What it’s Like to Live in Guam (According to Milspouses)
Since Hil Meets Mil frequently pops up in search results for “living in Guam” I figured it’s about time I write a proper post on hafa adai living. But truth be told I’ve avoided writing this post. Guam is beautiful without a doubt and embodies island life. But as scenic as Guam’s beaches are, living in Guam doesn’t always feel like paradise.
Click here to skip to the best parts of living in Guam.
Click here to skip to the worst parts of living in Guam.
This blog is meant to support and empower milso readers. But I won’t paint a sunny picture over the difficulties that come along with living in Guam. And I also won’t claim that my experience living in Guam is every milso’s experience.
So to represent a communal perspective on what it’s like to be a military spouse living in Guam, I’m deferring to the opinions of the Guam Military Spouses Facebook page. I polled the over 2k member group, and the best and worst parts of living in Guam featured here are the their opinions.
I also couldn’t decide whether I should start with the “bad news” or the “good news” regarding what to expect when PCS’ing to Guam. In the end I’ve decided to start with the best parts of living in Guam. But I’ve added jump links, so you can read the worst parts about living in Guam first if you so desire.
Click here to read the worst parts of living in Guam first.
The Best Things About Living in Guam
1. The water sports. Both above and below the surface.
Guam’s diving is considered to be some of the best in the world. But don’t worry, you can enjoy the reef through snorkeling as well.
Personally my relationship with scuba diving is quite tumultuous. I can never really relax when participating in a sport where the first objective is not to drown. But I strongly recommend that anyone who moves to Guam get PADI open water certified, so you can figure out for yourself if you like scuba diving.
There’s also kayaking, paddle boarding and boat rentals available from Sumay Marina at Naval Base Guam. Plus jetskiing, banana boating, and charter fishing geared toward tourists.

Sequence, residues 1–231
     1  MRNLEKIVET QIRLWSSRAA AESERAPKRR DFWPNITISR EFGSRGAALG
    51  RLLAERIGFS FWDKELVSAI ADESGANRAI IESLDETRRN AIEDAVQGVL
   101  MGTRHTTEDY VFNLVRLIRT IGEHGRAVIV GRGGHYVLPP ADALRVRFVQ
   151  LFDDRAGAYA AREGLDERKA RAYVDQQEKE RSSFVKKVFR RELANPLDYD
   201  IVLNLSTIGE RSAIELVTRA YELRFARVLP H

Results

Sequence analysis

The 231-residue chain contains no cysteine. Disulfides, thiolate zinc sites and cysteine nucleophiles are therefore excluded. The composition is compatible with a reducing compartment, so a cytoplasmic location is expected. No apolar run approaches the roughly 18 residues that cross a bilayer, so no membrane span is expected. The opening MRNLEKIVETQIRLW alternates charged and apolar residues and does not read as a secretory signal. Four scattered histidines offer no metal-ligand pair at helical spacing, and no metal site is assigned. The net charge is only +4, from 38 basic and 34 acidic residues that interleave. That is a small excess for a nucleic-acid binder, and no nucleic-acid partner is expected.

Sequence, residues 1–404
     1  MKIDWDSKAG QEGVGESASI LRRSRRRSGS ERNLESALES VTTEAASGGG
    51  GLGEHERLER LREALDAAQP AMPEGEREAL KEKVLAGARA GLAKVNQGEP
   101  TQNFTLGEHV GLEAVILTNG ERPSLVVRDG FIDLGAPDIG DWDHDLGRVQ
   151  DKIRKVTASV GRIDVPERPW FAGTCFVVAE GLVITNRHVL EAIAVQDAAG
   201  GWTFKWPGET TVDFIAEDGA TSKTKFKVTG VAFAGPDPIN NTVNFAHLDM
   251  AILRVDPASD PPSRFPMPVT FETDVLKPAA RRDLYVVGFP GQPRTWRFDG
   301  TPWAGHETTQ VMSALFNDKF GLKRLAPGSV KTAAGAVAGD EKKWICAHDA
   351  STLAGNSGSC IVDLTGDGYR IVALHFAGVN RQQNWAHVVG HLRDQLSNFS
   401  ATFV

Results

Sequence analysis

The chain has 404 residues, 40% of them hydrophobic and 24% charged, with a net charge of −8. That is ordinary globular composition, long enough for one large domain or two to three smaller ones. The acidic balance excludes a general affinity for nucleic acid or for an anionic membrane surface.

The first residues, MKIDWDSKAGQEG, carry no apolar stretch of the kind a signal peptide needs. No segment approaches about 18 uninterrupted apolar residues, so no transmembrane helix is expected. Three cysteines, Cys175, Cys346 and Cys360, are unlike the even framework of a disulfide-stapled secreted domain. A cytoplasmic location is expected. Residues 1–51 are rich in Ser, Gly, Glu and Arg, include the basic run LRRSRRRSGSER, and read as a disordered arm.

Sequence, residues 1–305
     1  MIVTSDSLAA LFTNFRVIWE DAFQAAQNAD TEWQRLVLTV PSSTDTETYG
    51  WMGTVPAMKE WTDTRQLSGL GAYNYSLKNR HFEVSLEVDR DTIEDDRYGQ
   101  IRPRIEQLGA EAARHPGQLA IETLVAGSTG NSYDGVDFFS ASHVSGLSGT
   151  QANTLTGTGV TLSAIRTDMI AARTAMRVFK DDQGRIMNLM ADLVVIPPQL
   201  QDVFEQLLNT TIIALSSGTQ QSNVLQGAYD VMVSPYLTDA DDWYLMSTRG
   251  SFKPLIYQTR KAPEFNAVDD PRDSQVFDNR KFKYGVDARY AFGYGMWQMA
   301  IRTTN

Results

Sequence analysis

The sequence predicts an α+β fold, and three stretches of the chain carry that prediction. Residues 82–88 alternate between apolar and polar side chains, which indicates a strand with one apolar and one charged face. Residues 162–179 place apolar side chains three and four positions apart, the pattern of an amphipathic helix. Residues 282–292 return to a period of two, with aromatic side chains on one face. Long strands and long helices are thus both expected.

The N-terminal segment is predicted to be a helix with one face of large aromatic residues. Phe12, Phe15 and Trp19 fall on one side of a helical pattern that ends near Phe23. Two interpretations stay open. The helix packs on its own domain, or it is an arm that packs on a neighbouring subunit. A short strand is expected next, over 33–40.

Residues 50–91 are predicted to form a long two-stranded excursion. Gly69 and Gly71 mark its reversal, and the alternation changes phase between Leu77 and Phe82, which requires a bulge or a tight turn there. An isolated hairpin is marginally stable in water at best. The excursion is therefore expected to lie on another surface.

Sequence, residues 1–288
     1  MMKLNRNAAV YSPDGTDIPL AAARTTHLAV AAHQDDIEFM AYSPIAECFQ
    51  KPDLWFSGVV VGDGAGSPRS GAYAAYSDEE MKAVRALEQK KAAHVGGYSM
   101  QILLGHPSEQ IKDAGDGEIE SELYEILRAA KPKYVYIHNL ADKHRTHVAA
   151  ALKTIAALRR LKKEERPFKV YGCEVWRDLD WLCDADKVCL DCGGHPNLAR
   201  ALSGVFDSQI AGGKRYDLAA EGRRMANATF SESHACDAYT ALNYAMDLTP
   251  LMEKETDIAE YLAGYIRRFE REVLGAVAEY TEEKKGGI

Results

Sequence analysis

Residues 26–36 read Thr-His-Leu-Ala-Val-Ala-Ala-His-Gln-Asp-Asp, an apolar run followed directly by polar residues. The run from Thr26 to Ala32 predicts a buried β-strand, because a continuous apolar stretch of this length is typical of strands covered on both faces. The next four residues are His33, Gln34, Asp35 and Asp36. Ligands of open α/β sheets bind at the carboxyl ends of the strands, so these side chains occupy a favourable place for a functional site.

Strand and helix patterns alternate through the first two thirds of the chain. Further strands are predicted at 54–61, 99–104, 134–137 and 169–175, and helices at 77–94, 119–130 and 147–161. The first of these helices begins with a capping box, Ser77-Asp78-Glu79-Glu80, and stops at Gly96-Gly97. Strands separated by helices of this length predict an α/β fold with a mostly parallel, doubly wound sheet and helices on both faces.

2. The beaches
When you see pictures of Guam on the internet, it’s easy to think that those beach images are filtered. But that’s really what it looks like!
There are base beaches, and dog beaches, resort beaches, and secret beaches. And most the time they are all #nofilter needed. If you’re looking for a bucket list of beaches to visit, check out A Rundown of the Best Guam Beaches.
3. The scenic views
While Guam is best known for its beaches, the beautiful landscape doesn’t end there. There’s also jungle paths, river and ocean pools, water falls, and mountainous landscape.
And can we talk about the double rainbows?! I don’t think I had ever seen a double rainbow in my life until I came to Guam. Now that I’m living in Guam I see them all the time.
4. The hiking
All those scenic beaches, jungles, rivers, waterfalls, and valleys…yes, you can hike or “boonie stomp” them all. And there are hikes to caves you can swim in!
I’m trying to fit more hikes into my weekend schedule this year. Weekday hikes are the #1 thing I miss about the months I spent unemployed in Guam.
Related Post: Adulting Miracles of an Unemployed Milspouse
5. The community
I included “the community” in my poll as a reference to the tight knit military community in Guam. But I suppose I should have specified between the military community, and the local community.
Either way, both communities are awesome.
They say that overseas military bases have some of the best military communities. And while I can’t personally weigh in on the matter (as this is my first “real” military community), the Naval Base Guam community welcomed me with open arms.